Extra Virgin June

Speeches That Changed the Modern History of South Africa - Arthur Christopher

Harold Macmillan – ‘The Wind of Change’

On the 3rd of February 1960 Harold Macmillan, then Prime Minister of Great Britain, gave a symbolic speech at the South African Parliament which heralded the end of British colonial rule throughout Africa.

While it was a repetition of a speech given in Ghana a few weeks previously, the media attention which followed his South African appearance meant that little could stand in the way of the tide of independence movements sweeping the continent.

Referring to the rise in pro-independence movements throughout Britain’s extensive African colonies since the end of World War II, Macmillan said: “Whether we like it or not, this growth of national consciousness is a political fact.” For black South Africans the speech was a double-edged sword.

On the one hand it presented the possibility of freedom from external rule, but on the other it essentially removed Britain’s authority as an opposing force to the rising tide of Afrikaner nationalism and Apartheid which was fast becoming an entrenched political and economic policy.

Listen to the speech at


Hendrik Verwoerd – ‘Separate Development’

Responding to Macmillan’s speech, Prime Minister Hendrik Verwoerd delivered a chillingly charismatic and well-received speech to Parliament hailing the role of the “white man in Africa” and explaining his policy of Separate Development – the policy which the NP used to justify Apartheid by relocating the countries black majority to predefined and supposedly independently run Homelands.

Verwoerd went on to label this his policy of “good neighbourliness”, justifying it to the outside world by claiming that white and black simply cannot live side by side in peace. He was, he contended, doing the country a favour by forcing the separation of the two broadly defined races.

Laws passed by Verwoerd became the foundation of the Apartheid state which was to drive South Africa into its darkest political and economic period, emerging only in 1994 with the first democratic elections.

See the clip at


Nelson Mandela – Rivonia Trial

In July 1963 Nelson Mandela and several of his ANC and SACP colleagues were arrested at Lilliesleaf Farm in Rivonia, Johannesburg and charged with countless acts of Sabotage aimed, the state alleged, at overthrowing the Apartheid system. Against legal advice the accused all decided to deny nothing that they had done and use the trial as a means to broadcast the plight of the black majority in South Africa at the hands of the Apartheid government.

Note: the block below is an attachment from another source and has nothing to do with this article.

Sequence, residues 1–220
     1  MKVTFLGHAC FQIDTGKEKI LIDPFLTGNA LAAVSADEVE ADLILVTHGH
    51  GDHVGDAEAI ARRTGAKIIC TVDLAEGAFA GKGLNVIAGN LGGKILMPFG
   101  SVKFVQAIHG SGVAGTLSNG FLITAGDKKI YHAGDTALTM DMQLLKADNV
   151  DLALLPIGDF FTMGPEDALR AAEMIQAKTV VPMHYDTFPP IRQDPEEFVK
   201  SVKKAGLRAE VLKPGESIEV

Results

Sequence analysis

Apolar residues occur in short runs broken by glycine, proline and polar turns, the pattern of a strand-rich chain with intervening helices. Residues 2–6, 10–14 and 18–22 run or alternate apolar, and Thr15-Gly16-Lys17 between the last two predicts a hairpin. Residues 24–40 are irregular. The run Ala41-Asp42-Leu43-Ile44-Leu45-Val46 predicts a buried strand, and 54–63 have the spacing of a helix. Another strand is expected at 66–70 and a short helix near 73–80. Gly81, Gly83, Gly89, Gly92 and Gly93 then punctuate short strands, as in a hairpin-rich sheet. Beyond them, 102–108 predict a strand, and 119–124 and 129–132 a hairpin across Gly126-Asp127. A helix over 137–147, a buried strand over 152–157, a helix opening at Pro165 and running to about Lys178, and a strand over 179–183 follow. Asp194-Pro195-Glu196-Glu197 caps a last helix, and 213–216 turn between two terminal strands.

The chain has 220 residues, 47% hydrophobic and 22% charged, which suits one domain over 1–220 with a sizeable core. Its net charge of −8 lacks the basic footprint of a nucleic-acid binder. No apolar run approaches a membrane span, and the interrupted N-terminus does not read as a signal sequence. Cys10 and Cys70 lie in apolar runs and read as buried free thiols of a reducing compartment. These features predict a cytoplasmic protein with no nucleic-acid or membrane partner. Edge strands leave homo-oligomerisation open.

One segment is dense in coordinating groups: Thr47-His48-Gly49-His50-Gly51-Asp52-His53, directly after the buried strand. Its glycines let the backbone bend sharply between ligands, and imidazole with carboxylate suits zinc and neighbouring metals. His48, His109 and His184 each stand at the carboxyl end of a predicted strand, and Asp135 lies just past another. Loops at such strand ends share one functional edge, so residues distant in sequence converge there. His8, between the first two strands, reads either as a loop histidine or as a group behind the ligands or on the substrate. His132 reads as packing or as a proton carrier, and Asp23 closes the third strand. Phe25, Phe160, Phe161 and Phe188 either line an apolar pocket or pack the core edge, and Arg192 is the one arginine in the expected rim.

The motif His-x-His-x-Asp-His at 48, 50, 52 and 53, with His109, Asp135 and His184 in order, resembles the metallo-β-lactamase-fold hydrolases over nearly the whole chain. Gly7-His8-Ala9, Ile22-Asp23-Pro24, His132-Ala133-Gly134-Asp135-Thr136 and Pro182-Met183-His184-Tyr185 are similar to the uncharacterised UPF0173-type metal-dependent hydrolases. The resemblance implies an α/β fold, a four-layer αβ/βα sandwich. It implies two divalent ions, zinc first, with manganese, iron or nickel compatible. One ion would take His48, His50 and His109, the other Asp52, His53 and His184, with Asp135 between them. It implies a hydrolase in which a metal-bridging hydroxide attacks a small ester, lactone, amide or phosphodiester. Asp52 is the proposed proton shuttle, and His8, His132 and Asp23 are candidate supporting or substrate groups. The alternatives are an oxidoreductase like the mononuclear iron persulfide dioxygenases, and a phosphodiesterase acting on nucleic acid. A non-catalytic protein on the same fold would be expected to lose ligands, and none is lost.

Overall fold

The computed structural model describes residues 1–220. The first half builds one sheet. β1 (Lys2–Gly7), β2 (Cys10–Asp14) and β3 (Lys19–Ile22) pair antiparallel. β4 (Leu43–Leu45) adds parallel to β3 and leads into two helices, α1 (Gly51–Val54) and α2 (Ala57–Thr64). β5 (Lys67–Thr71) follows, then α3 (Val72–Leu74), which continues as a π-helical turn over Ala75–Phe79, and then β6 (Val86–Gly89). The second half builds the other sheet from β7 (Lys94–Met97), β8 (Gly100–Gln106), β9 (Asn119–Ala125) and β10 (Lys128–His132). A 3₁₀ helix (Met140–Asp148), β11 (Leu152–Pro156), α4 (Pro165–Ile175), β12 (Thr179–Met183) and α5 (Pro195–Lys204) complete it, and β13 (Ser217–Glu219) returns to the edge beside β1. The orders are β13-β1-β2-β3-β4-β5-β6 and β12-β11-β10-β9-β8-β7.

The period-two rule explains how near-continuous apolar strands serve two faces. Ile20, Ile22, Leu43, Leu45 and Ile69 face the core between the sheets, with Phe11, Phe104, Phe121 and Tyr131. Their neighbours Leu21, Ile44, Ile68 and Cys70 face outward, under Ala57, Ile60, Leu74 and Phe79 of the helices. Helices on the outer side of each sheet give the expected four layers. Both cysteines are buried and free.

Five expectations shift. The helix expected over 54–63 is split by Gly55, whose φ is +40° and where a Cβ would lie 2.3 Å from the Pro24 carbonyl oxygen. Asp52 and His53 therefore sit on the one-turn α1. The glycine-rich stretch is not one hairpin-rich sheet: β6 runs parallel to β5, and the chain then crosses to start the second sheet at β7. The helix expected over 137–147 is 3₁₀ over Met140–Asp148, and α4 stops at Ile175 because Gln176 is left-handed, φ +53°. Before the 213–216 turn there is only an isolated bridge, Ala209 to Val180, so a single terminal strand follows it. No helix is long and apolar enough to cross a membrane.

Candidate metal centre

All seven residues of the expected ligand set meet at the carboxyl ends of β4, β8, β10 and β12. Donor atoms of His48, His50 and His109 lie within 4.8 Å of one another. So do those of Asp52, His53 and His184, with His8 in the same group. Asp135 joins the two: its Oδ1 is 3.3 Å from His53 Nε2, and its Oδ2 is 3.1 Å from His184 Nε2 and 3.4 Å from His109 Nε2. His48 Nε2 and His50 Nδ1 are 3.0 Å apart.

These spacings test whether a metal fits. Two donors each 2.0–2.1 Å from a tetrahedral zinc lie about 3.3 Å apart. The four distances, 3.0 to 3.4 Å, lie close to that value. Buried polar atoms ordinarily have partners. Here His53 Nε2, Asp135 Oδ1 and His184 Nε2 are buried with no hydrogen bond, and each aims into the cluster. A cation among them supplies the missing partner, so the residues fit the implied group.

They were all aware that such a strategy could well cost them their lives, but it is one which caught the state completely off guard and led to a series of massive blunders from its chief prosecutor, Percy Yutar. The defence team decided not to allow Mandela to take the stand, opting rather to let him deliver a speech without cross-examination.

What followed cemented Mandela’s credentials as a leader of extraordinary proportions, and an even, unemotional and superbly balanced attack on the accusations made against him and his co-accused and the unjust system of Apartheid as a whole. With his final paragraph Mandela instantly became one of the most talked about and admired revolutionary leaders throughout the world.

Read the full text here: http://www.anc.org.za/ancdocs/history/rivonia.html
Listen to it here: http://www.guardian.co.uk/theguardian/series/greatspeeches


FW De Klerk – ’The Season of Violence is Over’

Following a resurgence in anti-apartheid violence throughout the 1980s, dealt with hopelessly by his predecessor PW Botha, then Prime Minister FW De Klerk was faced with the unavoidable task of making some concessions in order to ease international anger at the South African government and begin the process of recovering its ailing economy.

When he took to the podium in Parliament on the 2nd of February 1990 it was anticipated that he would signal a shift in government policy, but few expected the reforms to be so widespread. Referring to the break-up of the Soviet Union, De Klerk spoke about the need to keep in step with global shifts, before going on to un-ban the ANC, free all political prisoners and release Nelson Mandela “unconditionally” in order for him to play a part in the negotiation process. De Klerk hoped that these reforms would create a wave of support for the NP and ensure its ability to win in the planned Democratic elections.

Mandela was released on February 11th 1990. The New South Africa was born.

Read the full text here: http://www.info.gov.za/speeches/1996/101348690.htm

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